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FEMS Microbiol Lett. 2006 Nov;264(2):133-44.

Intramembrane-sensing histidine kinases: a new family of cell envelope stress sensors in Firmicutes bacteria.

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Department of General Microbiology, Institute of Microbiology and Genetics, Georg-August-University, Göttingen, Germany.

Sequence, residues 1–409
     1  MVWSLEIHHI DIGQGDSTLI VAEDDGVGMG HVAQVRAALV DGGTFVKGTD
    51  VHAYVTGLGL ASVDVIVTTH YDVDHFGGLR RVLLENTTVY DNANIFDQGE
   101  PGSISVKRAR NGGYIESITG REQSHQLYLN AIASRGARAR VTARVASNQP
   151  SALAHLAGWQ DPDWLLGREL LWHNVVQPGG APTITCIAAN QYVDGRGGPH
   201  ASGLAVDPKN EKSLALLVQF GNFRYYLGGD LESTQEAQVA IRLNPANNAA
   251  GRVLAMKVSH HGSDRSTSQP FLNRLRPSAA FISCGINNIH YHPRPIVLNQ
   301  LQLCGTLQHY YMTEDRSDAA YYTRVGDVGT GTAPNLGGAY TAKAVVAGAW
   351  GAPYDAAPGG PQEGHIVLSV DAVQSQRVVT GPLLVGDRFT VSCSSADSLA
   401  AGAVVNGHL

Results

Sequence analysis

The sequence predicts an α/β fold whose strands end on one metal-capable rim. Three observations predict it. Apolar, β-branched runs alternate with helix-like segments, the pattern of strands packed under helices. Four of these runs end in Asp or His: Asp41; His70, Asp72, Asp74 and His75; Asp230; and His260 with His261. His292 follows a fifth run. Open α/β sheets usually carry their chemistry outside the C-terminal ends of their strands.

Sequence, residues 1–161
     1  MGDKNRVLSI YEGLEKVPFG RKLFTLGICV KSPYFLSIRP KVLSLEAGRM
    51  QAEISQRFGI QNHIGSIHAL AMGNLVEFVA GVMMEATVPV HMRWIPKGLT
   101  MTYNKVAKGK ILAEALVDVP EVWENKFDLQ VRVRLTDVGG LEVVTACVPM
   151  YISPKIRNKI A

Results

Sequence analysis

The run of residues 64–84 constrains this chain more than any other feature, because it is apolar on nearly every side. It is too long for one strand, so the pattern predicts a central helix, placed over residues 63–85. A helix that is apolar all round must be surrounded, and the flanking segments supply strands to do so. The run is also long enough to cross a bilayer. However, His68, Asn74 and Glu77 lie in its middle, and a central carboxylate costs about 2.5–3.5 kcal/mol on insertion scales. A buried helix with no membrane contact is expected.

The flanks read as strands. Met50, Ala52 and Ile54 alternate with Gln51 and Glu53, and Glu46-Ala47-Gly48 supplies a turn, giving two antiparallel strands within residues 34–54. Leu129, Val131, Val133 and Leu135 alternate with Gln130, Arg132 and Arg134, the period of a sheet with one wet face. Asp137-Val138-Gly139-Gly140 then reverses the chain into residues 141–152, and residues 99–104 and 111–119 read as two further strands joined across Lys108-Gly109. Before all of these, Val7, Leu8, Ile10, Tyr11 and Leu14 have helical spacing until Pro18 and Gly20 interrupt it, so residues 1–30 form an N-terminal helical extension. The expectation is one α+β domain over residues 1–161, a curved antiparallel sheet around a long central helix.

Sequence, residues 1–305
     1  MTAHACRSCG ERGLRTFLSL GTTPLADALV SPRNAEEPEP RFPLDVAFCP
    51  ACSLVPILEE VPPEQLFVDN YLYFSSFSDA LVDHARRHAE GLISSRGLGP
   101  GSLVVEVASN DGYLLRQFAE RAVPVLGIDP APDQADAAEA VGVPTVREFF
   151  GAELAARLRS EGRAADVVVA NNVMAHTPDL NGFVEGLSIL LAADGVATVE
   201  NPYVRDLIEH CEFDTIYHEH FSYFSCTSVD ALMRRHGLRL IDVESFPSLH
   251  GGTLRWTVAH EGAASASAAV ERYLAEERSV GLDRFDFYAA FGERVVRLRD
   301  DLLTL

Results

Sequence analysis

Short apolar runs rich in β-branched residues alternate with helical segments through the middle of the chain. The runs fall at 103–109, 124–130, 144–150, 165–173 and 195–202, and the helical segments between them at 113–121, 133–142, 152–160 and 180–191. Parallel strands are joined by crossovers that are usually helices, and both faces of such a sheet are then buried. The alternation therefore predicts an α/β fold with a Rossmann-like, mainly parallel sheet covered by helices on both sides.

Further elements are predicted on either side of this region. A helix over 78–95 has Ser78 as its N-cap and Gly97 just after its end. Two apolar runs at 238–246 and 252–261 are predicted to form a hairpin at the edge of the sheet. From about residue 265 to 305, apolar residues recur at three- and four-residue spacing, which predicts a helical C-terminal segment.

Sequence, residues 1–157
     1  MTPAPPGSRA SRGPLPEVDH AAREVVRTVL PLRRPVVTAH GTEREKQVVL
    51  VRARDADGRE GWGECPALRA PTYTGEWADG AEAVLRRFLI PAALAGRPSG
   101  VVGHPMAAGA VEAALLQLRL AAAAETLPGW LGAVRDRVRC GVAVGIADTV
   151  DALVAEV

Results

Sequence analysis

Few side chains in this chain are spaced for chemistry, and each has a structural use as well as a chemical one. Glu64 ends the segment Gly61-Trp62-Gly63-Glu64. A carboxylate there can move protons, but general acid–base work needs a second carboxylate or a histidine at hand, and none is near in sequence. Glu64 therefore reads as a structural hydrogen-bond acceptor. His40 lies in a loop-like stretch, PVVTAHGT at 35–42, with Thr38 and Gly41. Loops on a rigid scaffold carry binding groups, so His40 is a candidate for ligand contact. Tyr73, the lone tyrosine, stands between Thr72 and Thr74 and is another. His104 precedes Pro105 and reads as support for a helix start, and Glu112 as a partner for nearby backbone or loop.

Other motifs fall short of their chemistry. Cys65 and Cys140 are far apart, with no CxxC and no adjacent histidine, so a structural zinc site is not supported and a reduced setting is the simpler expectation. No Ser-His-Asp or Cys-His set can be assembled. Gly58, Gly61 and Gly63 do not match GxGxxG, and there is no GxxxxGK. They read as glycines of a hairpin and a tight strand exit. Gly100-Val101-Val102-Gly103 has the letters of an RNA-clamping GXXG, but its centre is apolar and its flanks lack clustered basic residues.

Two-component signal-transducing systems (TCS) consist of a histidine kinase (HK) that senses a specific environmental stimulus, and a cognate response regulator (RR) that mediates the cellular response. Most HK are membrane-anchored proteins harboring two domains: An extracytoplasmic input and a cytoplasmic transmitter (or kinase) domain, separated by transmembrane helices that are crucial for the intramolecular information flow. In contrast to the cytoplasmic domain, the input domain is highly variable, reflecting the plethora of different signals sensed. Intramembrane-sensing HK (IM-HK) are characterized by their short input domain, consisting solely of two putative transmembane helices. They lack an extracytoplasmic domain, indicative for a sensing process at or from within the membrane interface. Most proteins sharing this domain architecture are found in Firmicutes bacteria. Two major groups can be differentiated based on sequence similarity and genomic context: (1) BceS-like IM-HK that are functionally and genetically linked to ABC transporters, and (2) LiaS-like IM-HK, as part of three-component systems. Most IM-HK sense cell envelope stress, and identified target genes are often involved in maintaining cell envelope integrity, mediating antibiotic resistance, or detoxification processes. Therefore, IM-HK seem to constitute an important mechanism of cell envelope stress response in low G+C Gram-positive bacteria.

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